McDonald's and Tyson terminate contract with farmer accused of animal cruelty.
Japan's Mitsubishi will buy a stake of at least 10 percent in agri-trader Olam International in a deal worth at least $500 million.
Spaniards paint their town red in its annual tomato tossing battle.
Kraft Heinz recalls two million pounds of turkey bacon from shelves to ensure consumer safety.
High onion prices are a challenge to Indian Prime Minister Narendra Modi ahead of state elections, the Financial Times reports.
According to USDA, net farm income is forecast to be $58.3 billion in 2015. That's far worse than the government's February outlook.
Monsanto sweetened its offer to buy Syngenta, valuing the Swiss company at around $47 billion.
Discussing the health of the farming sector, and the play on Deere, with Eli Lustgarten, Longbow Research, and Kwame Webb, Morningstar.
Florida dairy and state Department of Agriculture argue over the definition of "skim milk."
California's drought will cause the state to lose as much as $2.74 billion and nearly 21,000 total jobs this year, said a report released Tuesday.
Companies like Pennsylvania-based "Rent The Chicken" are offering a clever alternative to buying eggs at the supermarket.
CNBC's Morgan Brennan looks into the new trend of renting chickens for your backyard.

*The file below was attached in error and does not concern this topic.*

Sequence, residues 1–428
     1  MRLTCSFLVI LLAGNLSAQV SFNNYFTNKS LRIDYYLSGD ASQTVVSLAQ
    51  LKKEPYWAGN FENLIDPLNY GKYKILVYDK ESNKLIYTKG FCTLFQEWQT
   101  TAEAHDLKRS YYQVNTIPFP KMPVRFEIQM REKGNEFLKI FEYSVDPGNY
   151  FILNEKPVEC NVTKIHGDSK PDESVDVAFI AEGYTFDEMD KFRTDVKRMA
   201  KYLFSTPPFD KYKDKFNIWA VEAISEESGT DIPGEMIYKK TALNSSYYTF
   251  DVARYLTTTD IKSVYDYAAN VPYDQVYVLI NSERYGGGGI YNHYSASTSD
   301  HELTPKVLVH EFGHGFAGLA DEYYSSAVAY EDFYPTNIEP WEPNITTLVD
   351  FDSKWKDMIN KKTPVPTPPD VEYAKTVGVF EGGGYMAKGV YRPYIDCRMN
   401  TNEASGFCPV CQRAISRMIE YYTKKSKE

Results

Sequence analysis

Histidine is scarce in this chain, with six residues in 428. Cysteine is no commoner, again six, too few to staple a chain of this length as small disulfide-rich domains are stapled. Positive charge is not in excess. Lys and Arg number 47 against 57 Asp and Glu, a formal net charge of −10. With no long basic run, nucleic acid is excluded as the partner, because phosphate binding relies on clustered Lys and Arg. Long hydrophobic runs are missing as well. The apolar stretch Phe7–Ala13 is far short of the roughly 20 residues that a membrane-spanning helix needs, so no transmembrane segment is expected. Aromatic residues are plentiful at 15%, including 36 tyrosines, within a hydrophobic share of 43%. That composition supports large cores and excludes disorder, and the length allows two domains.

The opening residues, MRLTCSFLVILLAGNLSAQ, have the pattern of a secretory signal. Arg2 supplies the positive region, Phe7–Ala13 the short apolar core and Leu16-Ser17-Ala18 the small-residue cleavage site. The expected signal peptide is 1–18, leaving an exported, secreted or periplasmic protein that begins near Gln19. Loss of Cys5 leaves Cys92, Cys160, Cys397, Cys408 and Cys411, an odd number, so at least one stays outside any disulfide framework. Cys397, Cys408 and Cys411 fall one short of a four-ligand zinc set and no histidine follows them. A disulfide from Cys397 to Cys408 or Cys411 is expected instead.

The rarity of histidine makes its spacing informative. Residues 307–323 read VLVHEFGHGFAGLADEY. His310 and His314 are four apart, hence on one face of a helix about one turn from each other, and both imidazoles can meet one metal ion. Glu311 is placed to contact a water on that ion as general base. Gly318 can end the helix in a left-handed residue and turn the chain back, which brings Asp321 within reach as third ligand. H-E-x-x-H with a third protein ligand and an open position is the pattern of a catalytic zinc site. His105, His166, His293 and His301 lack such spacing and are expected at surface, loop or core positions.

The head of the Centers for Disease Control's Influenza Division says the agency is "concerned" that the bird flu virus may mutate.
CNBC's Jane Wells reports the latest on a bearish USDA report on global outlook.
Over the past few weeks, dairy farmers in Europe have demonstrated against the falling price of milk, which is impacting their incomes.
Dairy is hugely important to New Zealand's economy, but the country's prime minister John Key told CNBC a "perfect storm" was brewing in the industry.
Russia's plan for mass destruction of banned Western food imports have provoked outrage amid soaring poverty rates and memories of famine.
Farmland values grew at the slowest clip in six years, according to a new USDA report but don't blame the drought.
One company claims to have found a solution to one of the world's largest contributors to greenhouse emissions — gassy cows.
The already-elevated price of eggs could have consumers squawking in the near future.